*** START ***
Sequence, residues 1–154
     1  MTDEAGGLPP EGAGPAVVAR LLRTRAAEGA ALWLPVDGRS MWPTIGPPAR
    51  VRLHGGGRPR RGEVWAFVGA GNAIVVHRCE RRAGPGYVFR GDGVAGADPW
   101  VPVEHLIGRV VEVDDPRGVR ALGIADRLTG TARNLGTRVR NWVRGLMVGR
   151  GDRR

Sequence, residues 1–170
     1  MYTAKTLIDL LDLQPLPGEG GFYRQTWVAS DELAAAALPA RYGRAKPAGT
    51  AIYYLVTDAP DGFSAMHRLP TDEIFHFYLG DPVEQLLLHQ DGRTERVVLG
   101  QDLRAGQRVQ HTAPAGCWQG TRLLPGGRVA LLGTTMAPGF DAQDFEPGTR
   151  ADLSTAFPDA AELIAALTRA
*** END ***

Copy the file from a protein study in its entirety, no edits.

Sequence, residues 1–154
     1  MTDEAGGLPP EGAGPAVVAR LLRTRAAEGA ALWLPVDGRS MWPTIGPPAR
    51  VRLHGGGRPR RGEVWAFVGA GNAIVVHRCE RRAGPGYVFR GDGVAGADPW
   101  VPVEHLIGRV VEVDDPRGVR ALGIADRLTG TARNLGTRVR NWVRGLMVGR
   151  GDRR

Sequence, residues 1–170
     1  MYTAKTLIDL LDLQPLPGEG GFYRQTWVAS DELAAAALPA RYGRAKPAGT
    51  AIYYLVTDAP DGFSAMHRLP TDEIFHFYLG DPVEQLLLHQ DGRTERVVLG
   101  QDLRAGQRVQ HTAPAGCWQG TRLLPGGRVA LLGTTMAPGF DAQDFEPGTR
   151  ADLSTAFPDA AELIAALTRA